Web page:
I am looking for a Chardonnay that would be similar to a Leroy Bourgogne. The Leroy is unavailable to me at this time...
Im planning a meeting to introduce low alcohol wines to a group of ladies who know about wines but probably wouldn't try low alcohol wines. Any suggestions on how to approach this subject or low alcohol wines that might be tasty and interesting. Thank You JoAnn Taylor
I've been a fan of the wines of Rioja for several decades now. A few years ago, I was turned on to a wine I'm told is from the Rioja Alta, Viña Alberdi Reserva. First vintage was 2010 and now I have been able to get a case of the 2014. While I know that the Rioja region is divided into Rioja Baja, Rioja Alavesa and Rioja Alta, I can't remember ever seeing those designations on a label. I understand many wines will be blended from vineyards in more than 1 of those districts, but can you point me towards some good selections entirely from the Rioja Alta or Rioja Alevesa? I'd just like to try a few and learn more about the regional differences between them.
My husband parents passed away and he came across in their house tuck away in their closet where it is cool & dark, a magnum of Cuvee Dom Perignon champagne vintage 1980, would it still be drinkable.....? Thank you!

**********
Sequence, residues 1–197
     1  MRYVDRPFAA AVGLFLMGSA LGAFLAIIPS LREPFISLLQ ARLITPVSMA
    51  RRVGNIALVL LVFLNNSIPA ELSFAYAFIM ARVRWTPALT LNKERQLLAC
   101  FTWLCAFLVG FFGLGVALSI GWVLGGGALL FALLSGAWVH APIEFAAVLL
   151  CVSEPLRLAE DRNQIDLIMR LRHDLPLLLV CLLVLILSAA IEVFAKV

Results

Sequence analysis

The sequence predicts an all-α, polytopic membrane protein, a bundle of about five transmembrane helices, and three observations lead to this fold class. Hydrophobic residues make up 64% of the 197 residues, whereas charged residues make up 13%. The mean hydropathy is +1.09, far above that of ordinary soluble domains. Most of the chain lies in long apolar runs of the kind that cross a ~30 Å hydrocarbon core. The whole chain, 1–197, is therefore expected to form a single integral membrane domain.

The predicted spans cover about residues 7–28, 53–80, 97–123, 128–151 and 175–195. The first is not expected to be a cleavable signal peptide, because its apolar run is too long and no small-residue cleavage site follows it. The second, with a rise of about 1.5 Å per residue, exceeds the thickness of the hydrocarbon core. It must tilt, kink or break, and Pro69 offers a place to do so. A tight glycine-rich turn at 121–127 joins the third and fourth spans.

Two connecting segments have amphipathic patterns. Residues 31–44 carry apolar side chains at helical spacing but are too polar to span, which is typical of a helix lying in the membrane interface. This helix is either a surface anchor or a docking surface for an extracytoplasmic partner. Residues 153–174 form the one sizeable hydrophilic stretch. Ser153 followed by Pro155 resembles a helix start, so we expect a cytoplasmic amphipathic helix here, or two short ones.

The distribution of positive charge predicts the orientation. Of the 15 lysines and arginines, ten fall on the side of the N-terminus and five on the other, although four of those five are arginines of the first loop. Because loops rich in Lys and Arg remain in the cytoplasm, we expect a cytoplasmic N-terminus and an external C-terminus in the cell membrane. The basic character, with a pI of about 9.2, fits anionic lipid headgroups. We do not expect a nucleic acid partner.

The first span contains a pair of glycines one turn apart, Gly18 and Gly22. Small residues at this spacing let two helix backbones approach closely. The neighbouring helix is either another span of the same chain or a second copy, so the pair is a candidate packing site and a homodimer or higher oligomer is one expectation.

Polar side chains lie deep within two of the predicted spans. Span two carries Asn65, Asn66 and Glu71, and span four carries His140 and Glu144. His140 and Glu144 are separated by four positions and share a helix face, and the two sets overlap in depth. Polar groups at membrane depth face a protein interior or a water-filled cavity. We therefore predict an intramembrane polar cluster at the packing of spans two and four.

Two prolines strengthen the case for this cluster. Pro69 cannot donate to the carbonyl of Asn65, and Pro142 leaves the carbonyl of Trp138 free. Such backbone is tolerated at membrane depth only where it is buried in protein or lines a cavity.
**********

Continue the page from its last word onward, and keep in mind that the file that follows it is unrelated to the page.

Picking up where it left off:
What type of wine would you pair with paczki's? Cannoli, custard, raspberry lemon and apple flavored. Thank you for your help.
I just wonder! if anyone could make a suggestion of a wine according to the person behavior? Any book about that topic? Thanks! And Have a wonderful and peaceful New Year 2021. Regards, Yolie
Living in a house I keep some bottles in the basement where I feel that the bottles with be good will cooler temperatures and no excess heat. I will be moving to a condo soon and I will not have a basement to store my bottles of wine. My question, is a wine specific refrigerator really necessary? Can I buy a much cheaper non specific where I really want to keep a constant temperature.
With some beers, Brett is intentionally added to add layers of complexity and funk and dankness. Is the same true with wine? I understand that it could be naturally introduced in wine. With the addition of sulfides, it would seem that Brett maturing in the wine bottles is low?
When a wine is "cooked" by high temperatures ( during shipment despite a cool pack) how is the taste, nose affected?
I like a little bret in my wines, and I know many detest it. I have found most of these wines were quite old. Is bret in wines only synonymous with a wine (red) being older, or are there younger wines (perhaps "natural" wines) that have that barnyard character?